The Library in Ice-Chrysanthemum Field / ATELIER XI
Text description provided by the architects. The Library is situated on a vast ice-chrysanthemum plantation at the foot of Yuntai Mountain. The architect was invited to design a multifunctional building for community use. It accommodates ice-chrysanthemum tea tasting, book reading, small-scale musical performances, workshops for agricultural education, and storage for farming tools.
Architecture as a Village. To avoid the imposition of a single large building on the flower field landscape, the architect divided the functions into five dispersed small cubic volumes. These interconnected yet relatively private cubic volumes not only prevent interference between different functions but also offer unobstructed views of the landscape from various directions while hosting different types of activities. The architecture, composed of distinct individual units, then resembles a miniature village. The exterior of each unit draws inspiration from the silhouette of local village houses, featuring sloping roofs as the traditional architectural style found in the area. With ascending ceilings oriented in various directions, the library fully captures the enchanting views on all sides of the flower field.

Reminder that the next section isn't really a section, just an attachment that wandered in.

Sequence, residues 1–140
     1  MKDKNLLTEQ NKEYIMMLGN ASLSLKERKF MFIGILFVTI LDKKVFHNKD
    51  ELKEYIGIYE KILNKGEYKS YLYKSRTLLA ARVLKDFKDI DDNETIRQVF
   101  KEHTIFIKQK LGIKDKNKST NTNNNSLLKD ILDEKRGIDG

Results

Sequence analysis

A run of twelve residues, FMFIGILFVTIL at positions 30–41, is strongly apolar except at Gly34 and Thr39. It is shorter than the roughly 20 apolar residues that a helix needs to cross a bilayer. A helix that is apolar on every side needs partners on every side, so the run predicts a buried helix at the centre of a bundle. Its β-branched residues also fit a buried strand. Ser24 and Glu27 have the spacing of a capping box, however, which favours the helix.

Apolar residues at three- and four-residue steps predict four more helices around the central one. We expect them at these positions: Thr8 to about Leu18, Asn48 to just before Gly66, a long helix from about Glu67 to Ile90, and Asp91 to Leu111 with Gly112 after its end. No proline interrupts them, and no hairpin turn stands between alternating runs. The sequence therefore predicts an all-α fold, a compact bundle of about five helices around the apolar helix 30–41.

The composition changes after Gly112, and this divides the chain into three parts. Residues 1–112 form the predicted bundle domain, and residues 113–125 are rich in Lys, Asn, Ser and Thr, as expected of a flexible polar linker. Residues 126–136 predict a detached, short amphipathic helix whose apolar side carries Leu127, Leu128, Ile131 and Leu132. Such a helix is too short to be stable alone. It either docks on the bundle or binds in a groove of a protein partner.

The architecture and the environment complement each other: the building’s spatial configuration serves as a container for observing the field, framing a picturesque view through windows. Simultaneously, the sculptural form of the building becomes an artistic backdrop to the vibrant blooms.
Scale of Time. The growth cycles of surrounding crops create a changing time scale with alternating seasons. The five units facing different directions capture the dynamic presentation of light throughout the day, turning the architectural space into a scale that traces the nuances of time across the boundless wilderness.
Architecture as Interconnected Voids. The exterior of the building is coated with white stucco paint, forming a minimalist and sculptural volume. The interior is composed of a series of interconnected, curved wooden spaces. Five curved wooden walls in each unit define areas between public and private, service, and service uses. These walls are wrapped in locally sourced wood, creating a warm color and texture that resonates with the delicate qualities of the ice chrysanthemums. The overall architecture is defined by local conditions. Separated yet connected, the spaces provide the flexibility for solitary roaming or group gatherings.
The tension between the building’s soft interior and its angular exterior brings about a distinctive experiential quality shifting from day to night: In daylight, the white gable walls evoke the image of a northern village settlement. While at night, the silhouette dissolves into the darkness, emphasizing the soft interior space and offering dreamlike warmth.